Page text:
Date and time: Friday, May 8, 11.30 am.
Location: Carlos Santamaría Building, Room B14
Speaker: Sara Diani (Lahnhöhe Zentrum, Lahnstein, Germany)
Title: Complex systems and clinical medicine: do they have fitting points?
Abstract: In the clinical practice we approach diseases with a linear logic, not a complex one, focusing us on a little part of the organism, ignoring what happens in the other compartments. Anytime we try to treat a disease, we make several attempts because we don’t have a unifying and logical model that can help us to define a rational method. Our empiricism would need a consequent rational analysis of it, in order to properly analyze the results.
In other words, except for the studies done by the philosophers of medicine, we do not use a clear model of what is health and what is disease. To this aim the connection between philosophical and theoretical systemic approach to our body and its reactions, the science of complex systems, the study about networks and the “field discipline” in physics, and finally the clinical practice has been here explored.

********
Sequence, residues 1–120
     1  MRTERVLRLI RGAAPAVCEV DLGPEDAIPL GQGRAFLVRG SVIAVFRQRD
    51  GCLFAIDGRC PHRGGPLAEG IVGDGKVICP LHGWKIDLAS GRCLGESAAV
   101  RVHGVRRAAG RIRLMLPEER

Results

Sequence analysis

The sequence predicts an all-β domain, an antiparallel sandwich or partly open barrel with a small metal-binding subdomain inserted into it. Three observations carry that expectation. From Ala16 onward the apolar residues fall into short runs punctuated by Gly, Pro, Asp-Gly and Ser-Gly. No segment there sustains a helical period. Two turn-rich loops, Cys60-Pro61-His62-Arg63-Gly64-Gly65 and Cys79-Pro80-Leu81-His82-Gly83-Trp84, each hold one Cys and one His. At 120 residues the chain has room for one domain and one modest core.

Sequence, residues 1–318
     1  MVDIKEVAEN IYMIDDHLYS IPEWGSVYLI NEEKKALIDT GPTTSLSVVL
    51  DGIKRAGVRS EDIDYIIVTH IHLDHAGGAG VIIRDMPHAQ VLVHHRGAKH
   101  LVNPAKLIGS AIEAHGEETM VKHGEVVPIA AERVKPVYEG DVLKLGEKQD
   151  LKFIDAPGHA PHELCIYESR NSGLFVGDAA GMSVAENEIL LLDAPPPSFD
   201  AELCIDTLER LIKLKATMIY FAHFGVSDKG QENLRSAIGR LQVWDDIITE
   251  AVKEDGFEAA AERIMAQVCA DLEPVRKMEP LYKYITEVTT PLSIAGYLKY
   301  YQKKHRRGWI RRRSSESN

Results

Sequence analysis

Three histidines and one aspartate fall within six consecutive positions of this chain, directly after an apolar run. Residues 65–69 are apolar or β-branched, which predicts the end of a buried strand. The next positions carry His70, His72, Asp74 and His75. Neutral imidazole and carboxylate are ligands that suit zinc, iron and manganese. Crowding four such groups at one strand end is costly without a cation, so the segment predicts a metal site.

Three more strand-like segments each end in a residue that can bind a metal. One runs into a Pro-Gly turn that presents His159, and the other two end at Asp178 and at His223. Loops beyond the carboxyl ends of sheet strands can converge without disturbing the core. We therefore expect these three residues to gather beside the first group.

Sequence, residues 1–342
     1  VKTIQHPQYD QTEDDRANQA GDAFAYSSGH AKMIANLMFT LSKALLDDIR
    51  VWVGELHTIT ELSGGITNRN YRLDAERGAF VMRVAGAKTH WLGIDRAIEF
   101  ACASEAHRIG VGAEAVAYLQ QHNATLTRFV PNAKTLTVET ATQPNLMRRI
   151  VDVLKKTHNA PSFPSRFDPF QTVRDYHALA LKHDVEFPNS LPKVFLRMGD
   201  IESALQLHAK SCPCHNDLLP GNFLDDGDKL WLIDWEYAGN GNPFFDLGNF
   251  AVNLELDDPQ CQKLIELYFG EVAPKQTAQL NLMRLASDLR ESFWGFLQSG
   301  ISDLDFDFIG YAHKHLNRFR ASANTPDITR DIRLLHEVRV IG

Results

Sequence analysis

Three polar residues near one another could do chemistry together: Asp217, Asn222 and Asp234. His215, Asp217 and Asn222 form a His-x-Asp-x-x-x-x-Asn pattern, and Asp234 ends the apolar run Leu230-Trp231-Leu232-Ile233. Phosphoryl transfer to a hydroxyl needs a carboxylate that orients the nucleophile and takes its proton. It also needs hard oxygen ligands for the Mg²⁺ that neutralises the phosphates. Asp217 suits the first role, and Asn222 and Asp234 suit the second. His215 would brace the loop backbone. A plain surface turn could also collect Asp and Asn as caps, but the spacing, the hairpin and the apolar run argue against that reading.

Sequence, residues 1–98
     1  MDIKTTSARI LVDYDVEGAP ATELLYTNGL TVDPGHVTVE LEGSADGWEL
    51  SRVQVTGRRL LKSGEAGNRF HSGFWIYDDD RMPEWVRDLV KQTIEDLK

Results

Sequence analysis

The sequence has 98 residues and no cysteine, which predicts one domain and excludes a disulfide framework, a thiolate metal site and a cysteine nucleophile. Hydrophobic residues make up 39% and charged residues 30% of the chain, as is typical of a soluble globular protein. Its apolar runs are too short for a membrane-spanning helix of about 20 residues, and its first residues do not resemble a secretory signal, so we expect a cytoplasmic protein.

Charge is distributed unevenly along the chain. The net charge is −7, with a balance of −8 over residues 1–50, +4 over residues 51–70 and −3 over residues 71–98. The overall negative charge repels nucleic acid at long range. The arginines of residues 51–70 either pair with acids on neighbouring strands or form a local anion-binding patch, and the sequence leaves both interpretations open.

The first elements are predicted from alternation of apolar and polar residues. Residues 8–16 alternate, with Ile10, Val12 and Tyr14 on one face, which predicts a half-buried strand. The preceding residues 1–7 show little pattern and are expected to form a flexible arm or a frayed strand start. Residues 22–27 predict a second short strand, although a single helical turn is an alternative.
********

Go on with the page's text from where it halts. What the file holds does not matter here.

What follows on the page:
A new model of interaction between body, environment and disease, by using the latest theories of physics and biology, and the concept of heuristic learning (based on the event and error) is proposed. The disease is triggered by environmental information (except for the genetic ones), and it is an active process, performed through the individual characteristics. Through heuristic learning the system develops its own “best response” to the information in that moment. This will follow the rules of the live organism: to maintain low entropy, the best order possible, and to use the least energy.
This idea has a central role in defining and treating the diseases.
The ratio between medical and biological paradigms with a systemic and holistic perspective could allow us to revolutionize the cures for the patient, to do more effective research to understand deeply the results with the final goal of a new, higher and wider level of medicine.